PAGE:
Remote teams are on the rise as more and more companies see the benefit of a globalized, decentralized workforce.
One 2018 survey found that 56% of companies were remote to some extent. Virtual teams that are dispersed are more productive, more innovative, and more engaged with their work. However, remote teams face the unique challenge of collaborating from a distance.
There are many ways to bring your remote team together throughout the workweek. Productivity tools like Slack and Trello can improve communication on key projects and workflows.
All-hands team meetings can help break your remote workers out of their siloes. But, deeper team building presents a different challenge.
The best way to bring a remote team together for team building is to host a retreat for your remote team.
Offsite retreats are more effective than forced team bonding over virtual networks and productivity platforms. Retreats offer space to create a cooperative environment, motivate the remote team members, and align on company goals.
What should a retreat for a fully remote team look like? Remote workers often don't know each other before the retreat. Likewise, remote employees tend to be introverts.
They usually don't know much about each other outside the professional context.
As a result, retreats for remote teams need different activities than retreats for coworkers sharing an office every day. Here’s what Surf Office’s experience hosting retreats for remote teams has taught us.
Best remote team-building activities
Samantha, our in-house retreat planning expert, says the best way to plan is to start small. “You shouldn’t organize a big team-building activity as the first activity, especially for a remote team,” says Samantha.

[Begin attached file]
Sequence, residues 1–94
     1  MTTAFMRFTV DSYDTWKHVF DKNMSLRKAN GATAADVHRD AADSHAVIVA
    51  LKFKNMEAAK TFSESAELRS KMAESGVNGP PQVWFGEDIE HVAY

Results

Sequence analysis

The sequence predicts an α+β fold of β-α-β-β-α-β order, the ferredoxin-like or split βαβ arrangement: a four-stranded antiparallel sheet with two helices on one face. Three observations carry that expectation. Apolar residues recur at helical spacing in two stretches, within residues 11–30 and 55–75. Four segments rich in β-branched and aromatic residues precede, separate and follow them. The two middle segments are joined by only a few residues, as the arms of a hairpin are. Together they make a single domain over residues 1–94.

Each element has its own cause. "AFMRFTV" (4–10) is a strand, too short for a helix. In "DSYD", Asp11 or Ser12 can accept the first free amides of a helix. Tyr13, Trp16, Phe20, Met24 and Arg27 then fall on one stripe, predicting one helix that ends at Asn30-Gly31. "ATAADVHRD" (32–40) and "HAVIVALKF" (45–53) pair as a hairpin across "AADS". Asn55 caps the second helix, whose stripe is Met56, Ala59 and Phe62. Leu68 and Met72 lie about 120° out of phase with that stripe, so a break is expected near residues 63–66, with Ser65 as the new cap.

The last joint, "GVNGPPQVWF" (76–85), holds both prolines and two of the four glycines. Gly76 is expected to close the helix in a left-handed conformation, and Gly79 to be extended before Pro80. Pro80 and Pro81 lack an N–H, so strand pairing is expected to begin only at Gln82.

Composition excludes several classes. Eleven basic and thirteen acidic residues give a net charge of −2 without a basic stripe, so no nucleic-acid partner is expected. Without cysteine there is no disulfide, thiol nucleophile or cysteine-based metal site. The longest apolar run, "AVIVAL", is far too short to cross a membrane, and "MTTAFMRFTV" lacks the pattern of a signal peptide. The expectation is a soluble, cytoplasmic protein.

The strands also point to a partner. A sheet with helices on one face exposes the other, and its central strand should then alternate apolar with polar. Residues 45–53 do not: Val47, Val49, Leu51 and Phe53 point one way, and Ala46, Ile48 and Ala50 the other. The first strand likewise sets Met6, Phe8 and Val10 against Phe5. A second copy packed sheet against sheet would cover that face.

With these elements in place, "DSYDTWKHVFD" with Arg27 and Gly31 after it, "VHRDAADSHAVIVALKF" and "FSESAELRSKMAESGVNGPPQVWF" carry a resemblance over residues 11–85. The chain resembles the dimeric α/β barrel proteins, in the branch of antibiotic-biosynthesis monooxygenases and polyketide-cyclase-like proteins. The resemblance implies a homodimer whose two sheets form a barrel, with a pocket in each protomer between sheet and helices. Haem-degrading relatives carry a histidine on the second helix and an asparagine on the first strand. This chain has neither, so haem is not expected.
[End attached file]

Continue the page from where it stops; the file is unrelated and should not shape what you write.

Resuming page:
“Surfing lessons, for example, aren’t a great way to break the ice when no one knows each other. We recommend getting there with smaller steps that don’t put too much pressure on new coworkers.”
Instead, start with some workshops or icebreaker games that can help remote colleagues get to know each other better. Here are some of the ones that have worked on our retreats.
1. Go for a hike or walk together
A good way to kick off the retreat is to go on a hike or walk together. Wander in nature or explore the city with or without a destination in mind.
It may be that you want to reach the top of a mountain together, or just head in the general direction of an ice cream shop.
This is an effective approach for remote workers because groups naturally interact and start to talk amongst themselves. Someone who is not in the mood to talk can walk faster or lag behind and join the group later.
Plus, you’re working toward a common goal.
2. Cook something together
Monica Zeng from Aragon One brought her remote team on a Surf Office retreat for some quality time and team bonding.
One of her most popular activities was a dumpling-making class. Any type of cooking class is a fun activity for remote groups – no chef expertise necessary.